Sep 22, 2010

The Feast of Tabernacles

Chuck MisslerBy Dr. Chuck Missler
Koinonia House

"Speak unto the children of Israel, saying, The fifteenth day of this seventh month shall be the feast of tabernacles for seven days unto the LORD... Ye shall dwell in booths seven days; all that are Israelites born shall dwell in booths: That your generations may know that I made the children of Israel to dwell in booths, when I brought them out of the land of Egypt: I am the LORD your God." – Leviticus 23:34, 42-43

The Feast of Tabernacles, or Succoth, begins on the 15th of Tishri and lasts for eight days. This year Succoth will begin at sunset on Wednesday, September 22. The word Succoth (also spelled Sukkot) means "booths", and refers to the temporary dwellings that are built and inhabited during the festival. The Feast of Tabernacles, or the Feast of Booths as it is sometimes called, is a joyous holiday and a time of feasting and commemorates the 40 years that the nation of Israel wandered in the wilderness before entering the Promised Land.

It is fascinating to visit Israel at this time and observe the temporary "booths" built in the traditional way, leaving deliberate gaps in the branches to view the stars at night to let the wind blow through during the day.

At the end of the eight days, the Jews leave their temporary dwellings to return to their permanent homes. (This is one of the reasons some suspect that this feast, rather than the Feast of Trumpets, is suggestive of the Rapture of the Church.) This day, traditionally, is the day that Solomon dedicated the first Temple.

In the time of Jesus, Succoth involved a daily processional to the Pool of Siloam to fetch water for the Temple. This ceremonial procession is the setting for the events of John 7, where Jesus offers his listeners "living water." This procession involved four types of branches: the willow, the myrtle, the palm, and a citrus (Leviticus 23:40). The willow has no smell and no fruit. The myrtle has smell, but no fruit. The palm has no smell, but bears fruit. The citrus has both smell and bears fruit. This sounds reminiscent of the four soils of the first "kingdom parable" of Matthew 13.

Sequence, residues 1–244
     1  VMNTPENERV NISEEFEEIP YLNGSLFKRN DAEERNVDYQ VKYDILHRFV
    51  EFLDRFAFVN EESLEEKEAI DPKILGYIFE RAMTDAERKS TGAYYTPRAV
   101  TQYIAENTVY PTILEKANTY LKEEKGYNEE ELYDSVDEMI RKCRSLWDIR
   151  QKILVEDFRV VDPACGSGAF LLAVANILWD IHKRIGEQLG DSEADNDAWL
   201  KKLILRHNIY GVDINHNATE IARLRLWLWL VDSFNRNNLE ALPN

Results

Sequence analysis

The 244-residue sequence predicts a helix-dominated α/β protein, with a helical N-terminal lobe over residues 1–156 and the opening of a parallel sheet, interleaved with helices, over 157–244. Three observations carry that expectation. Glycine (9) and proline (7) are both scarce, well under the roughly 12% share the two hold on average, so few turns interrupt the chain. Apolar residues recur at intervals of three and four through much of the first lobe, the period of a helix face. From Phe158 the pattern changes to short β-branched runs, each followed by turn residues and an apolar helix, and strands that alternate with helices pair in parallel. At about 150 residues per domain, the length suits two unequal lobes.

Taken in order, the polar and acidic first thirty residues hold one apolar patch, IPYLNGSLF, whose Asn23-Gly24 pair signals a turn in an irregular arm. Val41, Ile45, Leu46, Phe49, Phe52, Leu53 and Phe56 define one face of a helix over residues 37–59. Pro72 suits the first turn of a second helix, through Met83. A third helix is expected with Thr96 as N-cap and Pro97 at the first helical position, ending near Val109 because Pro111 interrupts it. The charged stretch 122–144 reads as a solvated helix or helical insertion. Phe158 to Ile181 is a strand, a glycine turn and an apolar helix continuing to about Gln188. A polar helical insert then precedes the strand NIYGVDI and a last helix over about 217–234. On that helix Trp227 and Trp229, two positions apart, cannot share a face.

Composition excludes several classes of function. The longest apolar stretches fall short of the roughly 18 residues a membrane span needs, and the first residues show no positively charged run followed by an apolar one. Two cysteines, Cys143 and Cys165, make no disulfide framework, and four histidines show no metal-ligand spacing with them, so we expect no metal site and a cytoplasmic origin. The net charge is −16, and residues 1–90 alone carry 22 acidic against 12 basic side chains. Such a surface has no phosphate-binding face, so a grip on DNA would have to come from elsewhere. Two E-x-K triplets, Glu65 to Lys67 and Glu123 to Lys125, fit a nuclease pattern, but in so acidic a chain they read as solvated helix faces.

As Christians we may not celebrate many of the traditional Jewish holidays, yet they hold great spiritual and prophetic significance. Colossians 2:16-17 says, "Let no man therefore judge you in meat, or in drink, or in respect of an holyday, or of the new moon, or of the sabbath days: which are a shadow of things to come." [emphasis added]

Most observers note that the three feasts in the first month of the religious year - Passover, Feast of Unleavened Bread, and Feast of First Fruits - are prophetic of the Lord's First Coming. They each were also fulfilled on the day they were observed.

Between these three feasts and the final three feasts is the Feast of Weeks, or Pentecost, which is predictive of the Church. (It is also the only feast in which leavened bread is ordained!)

It is believed that the last three feasts, in the seventh month, are prophetic of the Lord's Second Coming. Many believers are particularly watchful each fall in the hopes that "this" will be the year these final three feasts are fulfilled.

Related Links

Sukkot: 'Clouds of Glory' and Water-Drawing Celebrations‎ - Arutz Sheva
Christians arriving in Israel for Tabernacles event‎ - JTA
Sukkot - Jews for Jesus
How did Jesus fulfill the meanings of the Jewish feasts? -
Prophecy 20/20: Profiling the Future Through the Lens of Scripture - Chuck Missler (Book)